Cookery Without Frippery
by Leah W. Leonard.
Crown Publishers. 497 pp. $3.00.
After the recent spate of worthless cookbooks—muddle-headed and pretentious, confusing gourmet cooking with an excessive use of truffles, and confounding the user by inept directions—Jewish Cookery is doubly welcome, for its technical excellence as well as for its unusual collection of delectable dishes.
As a kitchen manual it is admirably organized, with complete tables, glossary, etc. The recipes are both accurate and flexible, since Mrs. Leonard allows for imagination on the part of the cook, giving many “basic” recipes with suggested variations, and directions that are clear, concise, and orderly (the rarest virtue in a cookbook). I find that if you but do as she says, and she says it so simply, you cannot make a failure, even the first time, of the most unfamiliar or elaborate dish. There are, for instance, her remarkable pastries—the perennial bugbear of the wary and the downfall of those not gifted with a light hand: the recipes for these defy all laborious conventions (one even calls for hot water) and are given with an astonishing economy of ingredients as well as of effort, and yet they result in the richest and the most airy and delicate pie crusts I have ever tasted. They remain crisp and flaky amid fruit syrup or meat gravy, and each one has a particular flavor and texture to complement its particular kind of filling.
Her pastries are but one example of Mrs. Leonard’s expertness in the matter of formulating workable recipes. She gives all the shortcuts that can be taken without sacrifice of quality, yet at the same time she writes for honest cooks, however inexperienced, not for can openers, and for enjoyable cooking, not for kitchen slavery.
While Jewish Cookery comprises several types of dishes, it is of course the traditional ones of Jewish cooking in many lands that give the book its special interest and character. Here, collected for the first time in English, are recipes for which there has long been an unfulfilled demand by all lovers of good food. And the food itself is good, as food. Rich, succulent, and varied, but also sound eating and economical—though not exactly slimming. For anyone who has not been brought up in familiarity with this food, the book opens up a whole new wonderland of cookery to explore, and to those who have, I am sure it will offer new and improved recipes—as it does for the group of standard American dishes (strawberry shortcake, spoon bread, etc.) that come within its scope.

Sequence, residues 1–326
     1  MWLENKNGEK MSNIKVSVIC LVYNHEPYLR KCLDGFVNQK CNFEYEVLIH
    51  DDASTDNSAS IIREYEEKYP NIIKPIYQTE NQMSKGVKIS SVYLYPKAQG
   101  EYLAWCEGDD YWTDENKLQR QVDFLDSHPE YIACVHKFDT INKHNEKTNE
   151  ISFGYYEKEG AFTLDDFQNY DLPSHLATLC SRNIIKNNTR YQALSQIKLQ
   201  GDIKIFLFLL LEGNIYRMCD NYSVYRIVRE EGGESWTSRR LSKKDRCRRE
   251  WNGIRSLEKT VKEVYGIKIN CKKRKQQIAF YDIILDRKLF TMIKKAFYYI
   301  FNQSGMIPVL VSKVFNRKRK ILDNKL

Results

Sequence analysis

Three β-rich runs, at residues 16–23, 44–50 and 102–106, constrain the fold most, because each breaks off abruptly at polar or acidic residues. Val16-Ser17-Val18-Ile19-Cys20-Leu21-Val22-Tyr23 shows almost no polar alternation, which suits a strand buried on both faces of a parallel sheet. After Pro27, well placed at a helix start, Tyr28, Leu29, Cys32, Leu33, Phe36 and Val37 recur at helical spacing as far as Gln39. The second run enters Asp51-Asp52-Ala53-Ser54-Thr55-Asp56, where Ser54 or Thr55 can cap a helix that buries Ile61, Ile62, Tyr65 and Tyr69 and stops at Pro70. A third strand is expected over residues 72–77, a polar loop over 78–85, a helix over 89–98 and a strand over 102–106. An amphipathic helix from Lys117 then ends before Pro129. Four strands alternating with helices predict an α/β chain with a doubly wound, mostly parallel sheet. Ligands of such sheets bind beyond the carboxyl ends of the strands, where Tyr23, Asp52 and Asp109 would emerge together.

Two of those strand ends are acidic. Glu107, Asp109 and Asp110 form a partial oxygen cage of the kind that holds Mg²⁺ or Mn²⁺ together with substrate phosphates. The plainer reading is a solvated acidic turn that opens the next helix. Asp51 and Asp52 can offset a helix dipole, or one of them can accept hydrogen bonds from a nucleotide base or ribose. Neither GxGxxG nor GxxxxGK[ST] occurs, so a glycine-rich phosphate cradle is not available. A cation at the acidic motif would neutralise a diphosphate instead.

It is a pity that, along with those standard American dishes, the author has made some unfortunate excursions into the Jello Belt. The inclusion of “candle” salads and their frippery kin may have been intended to increase the sale of the book in Suburbia, but that demand seems to me abundantly supplied by the manufacturers of patent foods (in Glorious Technicolor) and by the women’s magazines. This commercial trash, though it may come within the Jewish dietary laws, seems particularly out of place in a book like Mrs. Leonard’s. There seems to me no excuse for associating these nasty concoctions with Jewish food, and they cheapen regrettably what would otherwise be a wholly distinguished compendium.
Mrs. Leonard’s exposition of the Dietary Laws, of the Fast Days and the Feast Days, with preparation of the special foods for each, makes this a book of religious and historical as well as practical interest. She details the Jewish concept of food hygiene and of sound nutrition as it was worked out long ago, and it is fascinating to see how modern laboratory achieved knowledge of food properties and needs confirms the ancient prescriptions and proscriptions, even when modern methods of food handling invalidate the hygienic need for many of them.
All in all, Jewish Cookery is a book Brillat-Savarin would not have scorned.